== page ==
Over 80% of investors say lack of climate action could lead to stranded assets inmeat and dairy sector

A new report from the Changing Markets Foundation warns that profits are at risk if investors do not engage with the meat and dairy industry to cut methane emissions and other climate pollutants.

The research commissioned by the Changing Markets Foundation, made up of over 200 respondents from the investment community, highlighted that there is a recognition of climate change being a material risk to meat and dairy industryrelated investments, with 84% stating that a lack of climate mitigation could lead to stranded assets in the sector.

Food production especially the production of meat and dairy is responsible for around 37% of greenhouse gas emissions (GHG) and is uniquely dependent on stable climate conditions. Livestock agriculture is also the single largest source of methane,
responsible for around 32% of anthropogenic methane emissions. The production of red meat and dairy is
projected to grow by over 50% over the next three decades.

But climate science is not reflected in the growth projections for the meat and dairy sector. Climate scientists expect a decline in livestock of 710% even under 2°C warming scenario by 2050, with economic losses between $9.7 and $12.6 billion. Currently, the world is on a path to 3 ̊C temperature increase and IPCC warned that efforts to cut greenhouse gases must be accelerated. In addition, scientists called for rapid cuts of a potent greenhouse gas methane, which continues to rise even faster than CO2.

Nusa Urbancic, Campaigns Director at Changing Markets Foundation commented: We are currently at a crucial crossroads that will determine the future of food production for decades to come. Despite the majority of investors believing that climate change presents a material risk to meat and dairy industryrelated investment, it is concerning that more than half also said that investors are not sufficiently addressing those risks. The alarming effects on the sector multiply the hotter the planet gets. Farmers across the globe are already feeling the pain and we need rapid action to break this vicious cycle.”

Investors also overwhelmingly (94%) think that reducing methane emissions alongside carbon emissions is important, with 39% considering it to be critically important. And almost threequarters (72%) of investors think that companies should be reporting their methane emissions, while 83% believe that investors should encourage companies to reduce their methane emissions.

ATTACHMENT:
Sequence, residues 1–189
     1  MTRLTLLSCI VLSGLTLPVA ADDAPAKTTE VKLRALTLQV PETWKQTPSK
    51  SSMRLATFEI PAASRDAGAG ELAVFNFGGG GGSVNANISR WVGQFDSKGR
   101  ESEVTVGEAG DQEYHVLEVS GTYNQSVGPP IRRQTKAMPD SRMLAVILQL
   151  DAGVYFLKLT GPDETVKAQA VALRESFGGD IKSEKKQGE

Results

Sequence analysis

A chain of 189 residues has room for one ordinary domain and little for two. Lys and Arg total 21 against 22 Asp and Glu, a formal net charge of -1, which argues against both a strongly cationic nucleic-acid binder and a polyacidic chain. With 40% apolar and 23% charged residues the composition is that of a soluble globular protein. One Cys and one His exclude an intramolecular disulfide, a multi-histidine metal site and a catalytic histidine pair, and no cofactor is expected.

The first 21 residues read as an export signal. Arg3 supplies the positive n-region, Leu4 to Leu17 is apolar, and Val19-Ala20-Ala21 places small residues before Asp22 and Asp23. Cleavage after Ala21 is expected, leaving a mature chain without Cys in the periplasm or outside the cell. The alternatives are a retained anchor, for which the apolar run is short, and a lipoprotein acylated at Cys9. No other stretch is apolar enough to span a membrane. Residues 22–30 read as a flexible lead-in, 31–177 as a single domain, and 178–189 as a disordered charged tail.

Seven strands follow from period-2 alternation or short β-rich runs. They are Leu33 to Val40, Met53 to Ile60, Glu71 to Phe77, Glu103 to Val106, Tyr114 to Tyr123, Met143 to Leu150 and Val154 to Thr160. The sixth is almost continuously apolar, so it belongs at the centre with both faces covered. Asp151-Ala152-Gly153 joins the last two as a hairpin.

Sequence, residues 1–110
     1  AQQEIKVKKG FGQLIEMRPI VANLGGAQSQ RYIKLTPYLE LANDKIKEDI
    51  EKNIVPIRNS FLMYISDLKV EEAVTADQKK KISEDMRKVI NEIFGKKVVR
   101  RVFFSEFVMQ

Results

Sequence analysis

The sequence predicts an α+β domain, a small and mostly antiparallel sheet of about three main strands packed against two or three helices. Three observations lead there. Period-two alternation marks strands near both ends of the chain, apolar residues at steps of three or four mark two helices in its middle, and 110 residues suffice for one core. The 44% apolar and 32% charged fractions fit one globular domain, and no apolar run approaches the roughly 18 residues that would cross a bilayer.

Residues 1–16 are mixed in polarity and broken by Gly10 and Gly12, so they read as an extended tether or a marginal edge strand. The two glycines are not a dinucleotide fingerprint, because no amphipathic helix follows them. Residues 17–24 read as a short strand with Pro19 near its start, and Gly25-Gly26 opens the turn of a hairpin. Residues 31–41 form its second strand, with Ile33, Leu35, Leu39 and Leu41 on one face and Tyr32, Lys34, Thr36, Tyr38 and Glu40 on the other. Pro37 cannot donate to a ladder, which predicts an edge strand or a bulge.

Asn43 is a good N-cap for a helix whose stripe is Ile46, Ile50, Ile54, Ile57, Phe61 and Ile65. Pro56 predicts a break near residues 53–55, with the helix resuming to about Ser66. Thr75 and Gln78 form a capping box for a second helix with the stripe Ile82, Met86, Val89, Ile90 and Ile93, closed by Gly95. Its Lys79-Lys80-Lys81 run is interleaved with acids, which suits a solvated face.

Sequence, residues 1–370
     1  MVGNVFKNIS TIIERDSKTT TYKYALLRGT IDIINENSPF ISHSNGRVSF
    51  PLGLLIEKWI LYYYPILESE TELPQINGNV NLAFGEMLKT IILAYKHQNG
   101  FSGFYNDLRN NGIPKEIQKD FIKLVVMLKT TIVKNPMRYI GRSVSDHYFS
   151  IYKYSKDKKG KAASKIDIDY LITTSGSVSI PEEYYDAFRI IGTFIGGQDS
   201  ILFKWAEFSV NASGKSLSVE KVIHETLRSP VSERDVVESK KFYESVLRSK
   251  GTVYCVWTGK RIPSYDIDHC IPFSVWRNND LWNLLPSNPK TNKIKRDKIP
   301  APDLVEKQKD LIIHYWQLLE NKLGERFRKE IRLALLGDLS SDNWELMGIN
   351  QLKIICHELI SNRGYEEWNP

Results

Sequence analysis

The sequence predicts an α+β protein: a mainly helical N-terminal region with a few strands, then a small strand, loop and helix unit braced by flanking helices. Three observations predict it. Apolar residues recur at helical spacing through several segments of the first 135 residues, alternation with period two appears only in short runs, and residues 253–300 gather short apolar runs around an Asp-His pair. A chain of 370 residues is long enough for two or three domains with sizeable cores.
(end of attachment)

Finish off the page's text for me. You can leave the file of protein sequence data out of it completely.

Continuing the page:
This survey follows Changing Markets Foundation’s report Blindspot which revealed that the biggest meat and dairy companies do not report methane and do not have any plans in place to reduce their methane emissions. Last year over 110 countries have
signed up the Global Methane Pledge, launched at COP26 in which they committed to cut their methane emissions by 30% by 2030, compared to 2020 baseline.

Earlier this year, Upfield became the first food company to start reporting their methane emissions. The company, which is mostly producing plantbased foods, found that 7.5% of its entire greenhouse gas footprint was created by methane emissions, and dairy ingredients were the main contributor.

Peter Elwin, Director of Fixed Income & Head of Food & Land Use Programme at Planet Tracker commented: “It’s clear there needs to be far greater focus on methane emissions. The Global Methane Pledge is a step in the right direction, but more still needs to be done, and faster. Investors must pressure companies to reduce methane emissions to help meet global climate goals.”

The report calls on investors to take action through their engagement with companies, demanding transparency and disclosure of companies’ emissions and investments and rapid action to address climate emergency by cutting methane and other climate
pollutants in the sector in line with the science.

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